The people who led organisations through these successful programs "...were well versed in things like negotiation, conflict resolution, even communication, as they are, the particular technology that they might have done five, ten years ago."
The second thing an organisation must do is to build positive momentum by shrinking the changes needed to be accomplished.
Based on his experiences, Reinbold warns that extreme initiatives of trying to accomplish bigger changes are absolutely proportional to the pushback that could come with it. "It might be necessary, but in order to get traction, you have to build positive momentum. And the easiest way to do that is to shrink the change being asked for," he says.
Reinbold suggests that organisations start with the "uncontroversial stuff" and work their way up towards the bigger, more difficult things along the way.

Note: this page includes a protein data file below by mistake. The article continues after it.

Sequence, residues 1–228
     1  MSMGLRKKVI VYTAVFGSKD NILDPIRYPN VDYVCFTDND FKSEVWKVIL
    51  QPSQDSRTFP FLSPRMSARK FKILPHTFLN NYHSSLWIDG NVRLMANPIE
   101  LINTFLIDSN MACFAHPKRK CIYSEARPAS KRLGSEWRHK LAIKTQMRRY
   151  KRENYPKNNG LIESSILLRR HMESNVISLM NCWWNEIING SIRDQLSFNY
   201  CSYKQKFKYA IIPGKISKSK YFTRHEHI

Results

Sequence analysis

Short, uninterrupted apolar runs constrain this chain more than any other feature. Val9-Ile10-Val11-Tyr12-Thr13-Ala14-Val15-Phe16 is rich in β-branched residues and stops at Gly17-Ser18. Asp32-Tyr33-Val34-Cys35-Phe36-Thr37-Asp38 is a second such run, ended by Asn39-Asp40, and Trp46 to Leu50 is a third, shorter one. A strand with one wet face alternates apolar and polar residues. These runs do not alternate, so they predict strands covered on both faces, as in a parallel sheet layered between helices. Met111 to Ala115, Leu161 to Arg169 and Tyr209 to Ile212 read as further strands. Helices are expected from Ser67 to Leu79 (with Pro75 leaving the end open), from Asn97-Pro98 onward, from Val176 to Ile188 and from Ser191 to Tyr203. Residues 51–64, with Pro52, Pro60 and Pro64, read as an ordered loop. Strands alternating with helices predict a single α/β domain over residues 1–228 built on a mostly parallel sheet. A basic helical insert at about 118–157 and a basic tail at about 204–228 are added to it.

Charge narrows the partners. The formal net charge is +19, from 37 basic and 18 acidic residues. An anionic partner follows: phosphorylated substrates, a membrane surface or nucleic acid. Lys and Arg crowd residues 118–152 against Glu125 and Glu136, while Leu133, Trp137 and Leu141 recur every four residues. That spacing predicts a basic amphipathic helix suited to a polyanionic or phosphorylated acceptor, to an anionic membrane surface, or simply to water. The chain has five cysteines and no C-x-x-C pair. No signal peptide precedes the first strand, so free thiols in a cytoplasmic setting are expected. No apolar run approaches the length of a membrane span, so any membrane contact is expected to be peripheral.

"Once you get that decided, you will better be able to take on the bigger rocks, the harder things. If you start with those hard things while you're still trying to figure out what the relationships are and how to work with the people, it's not going to be pretty."
Finally, Reinbold emphasises the importance of communication.
"Even when you think you've told it 1000 times and you're blue in the face and you are so sick of the message, I guarantee there's probably people that have not heard it yet and that are not on board, and they just have to hear it several times."
One approach they used at Capital One was Event Storming - a workshop-based technique that is interactive, rapid and lightweight. This technique helps blur silos within an organisation by "forcing stakeholders in a room to come to an agreement," as Reinbold puts it.